Japan trading freedom for safety and getting neither?

I usually agree with Joseph Farah, but I think he needs to take a deep breath and honestly assess the gun control situation in Japan. Here’s an excerpt:

A 25-year-old Tokyo man, describing himself as “tired of living,” yesterday killed seven and injured 12 more people…Japan has among the very strictest gun control laws in the world. And that is precisely why one disturbed young man with a truck and a knife could wreak such carnage in a bustling neighborhood.

Tomohiro Kato drive his truck into a crowd of pedestrians shortly after noon, then jumped out of his vehicle and began stabbing any strangers he could reach.

…People who believe gun control will result in less violence should be forced to live in societies where only criminals have guns – or where, like in Japan, police have broad search-and-seizure latitude to hunt down any illicit weapons.

…There are really only two alternatives to a free society that respects the right of armed self-defense: One is chaos and anarchy and the other is a repressive police state like the people of Japan live under.

…We can learn from Japan, all right.

The lesson to be learned is not to repeat the mistakes that country has made on guns – trading freedom for safety and getting neither.

I agree with his logic as it pertains to the situation in the United States, but not in Japan. Handgun ownership has never been legal in Japan. People here in Japan don’t need guns to defend themselves, because criminals do not have guns. If there has been a trade-off between freedom and safety, I’d say Japan has definitely ended up with greater safety. Does anyone want to compare violent crime rates between the US and Japan? When was the last time there was a school shooting in Japan? Does Mr. Farah think that Japan should legalize guns so that they can prevent the rare incident like the above from happening and instead have to deal with random shootings like in the US?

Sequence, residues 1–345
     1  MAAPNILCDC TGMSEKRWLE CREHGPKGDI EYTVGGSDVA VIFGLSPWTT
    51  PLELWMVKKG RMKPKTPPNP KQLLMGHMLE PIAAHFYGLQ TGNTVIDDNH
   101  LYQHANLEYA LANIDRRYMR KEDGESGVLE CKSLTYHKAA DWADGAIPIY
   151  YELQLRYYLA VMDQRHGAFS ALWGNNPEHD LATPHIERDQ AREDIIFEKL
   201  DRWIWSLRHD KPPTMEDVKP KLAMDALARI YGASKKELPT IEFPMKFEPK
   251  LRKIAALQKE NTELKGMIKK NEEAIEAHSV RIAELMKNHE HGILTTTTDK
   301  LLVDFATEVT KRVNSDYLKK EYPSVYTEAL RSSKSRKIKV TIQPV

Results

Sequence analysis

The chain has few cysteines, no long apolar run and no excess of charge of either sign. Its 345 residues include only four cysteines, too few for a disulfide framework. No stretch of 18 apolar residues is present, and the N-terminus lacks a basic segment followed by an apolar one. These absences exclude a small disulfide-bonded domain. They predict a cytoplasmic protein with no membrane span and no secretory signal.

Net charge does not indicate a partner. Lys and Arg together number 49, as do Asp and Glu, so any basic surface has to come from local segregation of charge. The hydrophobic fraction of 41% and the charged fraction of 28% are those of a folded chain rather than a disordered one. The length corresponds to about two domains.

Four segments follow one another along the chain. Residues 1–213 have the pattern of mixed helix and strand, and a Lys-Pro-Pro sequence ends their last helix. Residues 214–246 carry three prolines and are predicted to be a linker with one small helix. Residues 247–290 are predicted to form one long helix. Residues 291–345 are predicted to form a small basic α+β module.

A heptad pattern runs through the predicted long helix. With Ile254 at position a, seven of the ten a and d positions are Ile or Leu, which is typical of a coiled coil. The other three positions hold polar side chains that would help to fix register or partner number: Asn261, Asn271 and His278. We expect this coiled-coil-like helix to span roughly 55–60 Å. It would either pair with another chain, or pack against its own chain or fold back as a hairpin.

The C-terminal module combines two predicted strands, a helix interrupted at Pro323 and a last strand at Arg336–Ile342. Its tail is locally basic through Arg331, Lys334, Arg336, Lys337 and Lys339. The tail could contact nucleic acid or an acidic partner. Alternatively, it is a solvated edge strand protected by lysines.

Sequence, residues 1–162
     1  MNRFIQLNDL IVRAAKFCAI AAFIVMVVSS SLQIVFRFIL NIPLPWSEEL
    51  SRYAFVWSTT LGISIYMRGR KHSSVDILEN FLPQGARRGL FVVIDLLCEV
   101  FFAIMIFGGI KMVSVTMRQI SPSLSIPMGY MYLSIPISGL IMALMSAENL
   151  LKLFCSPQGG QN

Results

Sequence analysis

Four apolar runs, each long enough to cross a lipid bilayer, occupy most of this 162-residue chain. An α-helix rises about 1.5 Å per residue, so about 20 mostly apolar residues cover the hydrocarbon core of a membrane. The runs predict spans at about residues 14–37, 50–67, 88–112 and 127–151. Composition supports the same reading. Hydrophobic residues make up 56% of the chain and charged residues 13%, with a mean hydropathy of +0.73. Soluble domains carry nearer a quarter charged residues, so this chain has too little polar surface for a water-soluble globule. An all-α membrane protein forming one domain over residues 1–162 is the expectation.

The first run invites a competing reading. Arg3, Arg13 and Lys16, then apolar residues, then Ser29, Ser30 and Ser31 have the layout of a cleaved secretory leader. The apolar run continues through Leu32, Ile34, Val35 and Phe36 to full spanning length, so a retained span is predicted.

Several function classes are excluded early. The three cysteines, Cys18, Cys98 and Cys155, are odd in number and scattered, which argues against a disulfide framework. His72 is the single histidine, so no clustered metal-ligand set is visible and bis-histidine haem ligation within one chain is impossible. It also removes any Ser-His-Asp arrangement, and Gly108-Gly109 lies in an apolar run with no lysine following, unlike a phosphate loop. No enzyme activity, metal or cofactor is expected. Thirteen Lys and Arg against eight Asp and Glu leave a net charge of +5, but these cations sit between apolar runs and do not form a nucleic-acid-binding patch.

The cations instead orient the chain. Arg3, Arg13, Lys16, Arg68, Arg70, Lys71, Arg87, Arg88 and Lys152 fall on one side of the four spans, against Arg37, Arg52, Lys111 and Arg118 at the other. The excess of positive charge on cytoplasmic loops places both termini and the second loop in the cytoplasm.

There’s no way to get rid of handguns in the US without jeopardizing the rights of law-abiding citizens. I’d never support that in the US, but there’s no good reason for Japan to legalize guns. It is a safer country without guns. Any country is going to be safer without guns. You can’t argue otherwise. It just makes no logical sense that having wide availability of weapons that can kill several people all at once and from a distance can create a better situation.

And where does he get the idea that Japan is a “repressive police state?” I’ve lived here for seven years now, and I don’t feel repressed. I’ve never been searched for weapons, either. This is a poorly researched and poorly put together article. I’m surprised to see Mr. Farah’s name on it.

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7 Responses to “Japan trading freedom for safety and getting neither?”

  1. Lincoln says:

    I can’t remember which country but it was, but it had one of the highest gun ownership rates but also one of the lowest violent crime rates as well. The State of Maine has the highest gun ownership rate in the US but a crime rate 1/3 below the national average.

    Does look like Farah jumped the gun there though. :D But I suspect if gun ownership were allowed in Japan the crime rate would still stay basically the same. It’s a monolithic culture that keeps its women in line, not much reason for there to be violence under those circumstances. ;) besides they project most of it into their anime, which has some mad psycho sh*& like I’ve never seen. Oy!

    You know what has the lowest concentration of violent crimes, murders and rapes even better than Japan? Saudi Arabia. Weird.